Beefy Boxes and Bandwidth Generously Provided by pair Networks
There's more than one way to do things

Re: Socket dilemma - sending EOF

by Nuke (Scribe)
on May 16, 2002 at 17:03 UTC ( #167053=note: print w/replies, xml ) Need Help??

in reply to Socket dilemma - sending EOF

  My understanding is that shutdown(1) sends the "FIN" segment, which signals the other end that you are finished writing data. The other end should send back an "ACK" segment and perform a passive close on the socket.

  What happens next is the other end sends back a "FIN" segment of it's own. Your end then sends back a final "ACK", and the socket is completely closed.

  The confusing part is why you are using shutdown if you are expecting more data on the line. The model of socket communication I have seen designates that you don't send a "FIN" until you've received the data you want. (This allows more than one request per connection.)

  It sounds to me like the other end is enterpreting the initial "FIN" as the end of all communication, and is dropping any data that hasn't been sent yet. Whether this is happening on the socket level, or the application level, I couldn't tell you without seeing the code on the other end. To get around it, just hold off on using shutdown until you've received the data you requested, or until the other end initiates a shutdown.

  In a perfect world, every socket connection would follow the specification to the letter, but it doesn't happen. The above method should still work for both of your existing socket connections as well if you need to use just one bit of code for all three connections.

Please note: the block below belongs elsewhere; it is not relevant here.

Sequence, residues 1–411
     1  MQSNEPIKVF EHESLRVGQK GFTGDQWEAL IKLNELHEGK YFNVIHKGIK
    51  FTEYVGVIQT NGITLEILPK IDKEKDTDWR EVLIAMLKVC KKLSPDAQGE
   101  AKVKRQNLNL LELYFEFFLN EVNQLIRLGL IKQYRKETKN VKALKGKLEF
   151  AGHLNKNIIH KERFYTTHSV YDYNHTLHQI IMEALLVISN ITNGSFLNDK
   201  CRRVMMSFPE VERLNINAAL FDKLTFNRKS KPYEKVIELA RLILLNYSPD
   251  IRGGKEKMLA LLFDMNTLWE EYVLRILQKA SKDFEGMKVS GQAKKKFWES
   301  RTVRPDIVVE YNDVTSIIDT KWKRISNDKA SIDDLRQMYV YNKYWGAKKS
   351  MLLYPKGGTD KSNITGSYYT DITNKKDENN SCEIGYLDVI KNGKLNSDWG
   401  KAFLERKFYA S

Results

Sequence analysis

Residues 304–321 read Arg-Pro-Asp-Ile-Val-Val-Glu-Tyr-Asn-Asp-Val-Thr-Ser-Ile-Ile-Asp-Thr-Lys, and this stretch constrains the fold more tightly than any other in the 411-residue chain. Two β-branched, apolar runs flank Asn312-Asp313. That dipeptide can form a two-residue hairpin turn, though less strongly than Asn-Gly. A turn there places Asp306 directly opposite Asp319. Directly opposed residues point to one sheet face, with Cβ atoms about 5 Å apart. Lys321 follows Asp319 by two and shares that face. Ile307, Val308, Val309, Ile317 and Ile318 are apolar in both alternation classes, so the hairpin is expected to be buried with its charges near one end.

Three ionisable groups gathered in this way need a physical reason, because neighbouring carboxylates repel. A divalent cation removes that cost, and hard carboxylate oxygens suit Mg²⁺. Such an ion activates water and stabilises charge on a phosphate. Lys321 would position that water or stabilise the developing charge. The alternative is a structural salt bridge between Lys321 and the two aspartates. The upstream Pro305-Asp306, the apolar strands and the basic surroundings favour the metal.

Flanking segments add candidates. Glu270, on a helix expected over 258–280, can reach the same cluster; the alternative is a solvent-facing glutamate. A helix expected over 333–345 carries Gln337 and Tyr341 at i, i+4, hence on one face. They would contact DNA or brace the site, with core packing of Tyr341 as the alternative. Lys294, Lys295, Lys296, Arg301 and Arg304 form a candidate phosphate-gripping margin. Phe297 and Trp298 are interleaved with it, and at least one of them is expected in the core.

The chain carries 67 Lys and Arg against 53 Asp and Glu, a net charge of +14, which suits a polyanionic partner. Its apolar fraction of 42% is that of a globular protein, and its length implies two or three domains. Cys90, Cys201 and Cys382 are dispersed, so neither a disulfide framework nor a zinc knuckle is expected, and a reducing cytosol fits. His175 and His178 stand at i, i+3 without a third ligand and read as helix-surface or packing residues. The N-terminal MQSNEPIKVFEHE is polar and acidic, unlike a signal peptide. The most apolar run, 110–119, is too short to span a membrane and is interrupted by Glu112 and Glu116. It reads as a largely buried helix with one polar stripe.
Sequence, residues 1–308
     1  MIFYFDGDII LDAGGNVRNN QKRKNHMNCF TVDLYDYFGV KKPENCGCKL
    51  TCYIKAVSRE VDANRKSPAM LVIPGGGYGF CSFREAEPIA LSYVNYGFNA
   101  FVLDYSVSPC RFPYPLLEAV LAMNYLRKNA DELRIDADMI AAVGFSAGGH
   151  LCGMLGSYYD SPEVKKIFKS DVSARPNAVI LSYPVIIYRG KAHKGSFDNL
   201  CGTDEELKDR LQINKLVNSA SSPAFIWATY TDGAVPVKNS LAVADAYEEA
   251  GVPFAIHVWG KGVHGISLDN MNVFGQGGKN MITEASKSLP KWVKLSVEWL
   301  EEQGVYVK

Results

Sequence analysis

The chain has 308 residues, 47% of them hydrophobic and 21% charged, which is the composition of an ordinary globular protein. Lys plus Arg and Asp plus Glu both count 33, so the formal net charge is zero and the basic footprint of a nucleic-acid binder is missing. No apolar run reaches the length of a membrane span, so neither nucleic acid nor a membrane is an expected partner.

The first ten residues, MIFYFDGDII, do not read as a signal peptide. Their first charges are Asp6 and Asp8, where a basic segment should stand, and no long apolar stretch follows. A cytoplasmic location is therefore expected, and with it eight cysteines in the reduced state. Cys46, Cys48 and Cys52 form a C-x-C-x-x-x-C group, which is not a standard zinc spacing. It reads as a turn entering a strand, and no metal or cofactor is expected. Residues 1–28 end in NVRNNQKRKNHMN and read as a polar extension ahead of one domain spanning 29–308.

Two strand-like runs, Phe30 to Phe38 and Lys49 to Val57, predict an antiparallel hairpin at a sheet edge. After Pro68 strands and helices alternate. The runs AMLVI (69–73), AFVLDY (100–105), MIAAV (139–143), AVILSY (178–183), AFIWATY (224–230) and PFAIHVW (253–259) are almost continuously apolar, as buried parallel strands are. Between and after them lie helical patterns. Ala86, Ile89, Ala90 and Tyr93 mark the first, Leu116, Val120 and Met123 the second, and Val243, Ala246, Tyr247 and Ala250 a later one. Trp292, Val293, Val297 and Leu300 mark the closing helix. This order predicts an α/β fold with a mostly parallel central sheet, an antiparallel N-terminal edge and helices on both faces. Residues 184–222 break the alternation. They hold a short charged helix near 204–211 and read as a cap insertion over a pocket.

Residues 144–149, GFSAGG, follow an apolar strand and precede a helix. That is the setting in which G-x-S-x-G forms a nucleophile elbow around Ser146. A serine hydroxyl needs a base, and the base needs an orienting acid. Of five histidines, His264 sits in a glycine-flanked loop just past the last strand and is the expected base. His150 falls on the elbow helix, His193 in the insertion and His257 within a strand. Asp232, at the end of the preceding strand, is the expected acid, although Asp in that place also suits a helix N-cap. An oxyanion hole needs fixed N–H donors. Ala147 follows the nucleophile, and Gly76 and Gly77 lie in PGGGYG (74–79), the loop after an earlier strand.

I hope that helps...

  Update: I just checked W. Richard Stevens tome of sockets knowledge; "Unix Network Programming", and my thoughts are confirmed. In order to follow sockets specifications you shouldn't shutdown until you've received your requested data, or the other side begins the socket shutdown process. The fact that your original code works with the other two socket connections just means that they have coded their application to flush all data before performing the final close of the socket. A good idea, but not necesarily required.

  Update2: I guess I'm saying there should be some query string you send across the socket that warrents a response from the other end. Closing the socket is a poor way to signal you're done sending/requesting data, but it's used often enough that I guess we have to live with it.


Replies are listed 'Best First'.
Re: Re: Socket dilemma - sending EOF
by sfink (Deacon) on May 17, 2002 at 23:26 UTC
    Stevens doesn't say shutdown-based transactions violate good practices, I don't think.

    shutdown(1) forces half of the connection to be closed. I often use this for the same purpose as the original poster. The other end has no obligation to close the other half when this happens. Stevens is talking about close(), which is a different beast. It decrements a reference count, and if it reaches zero, shuts down both halves of the connection. shutdown doesn't bother with reference counts; it immediately forces one or both halves shut.

    You should never close a connection before reading out all of the data (that'll lock up the port for a very long time and may send a broken pipe signal to the other end.) I assume the same thing would happen if you did shutdown(0) with data in transit. But it's fine to shutdown(1) the half you're writing to; it's then the problem of the other end to read everything out and take that half down.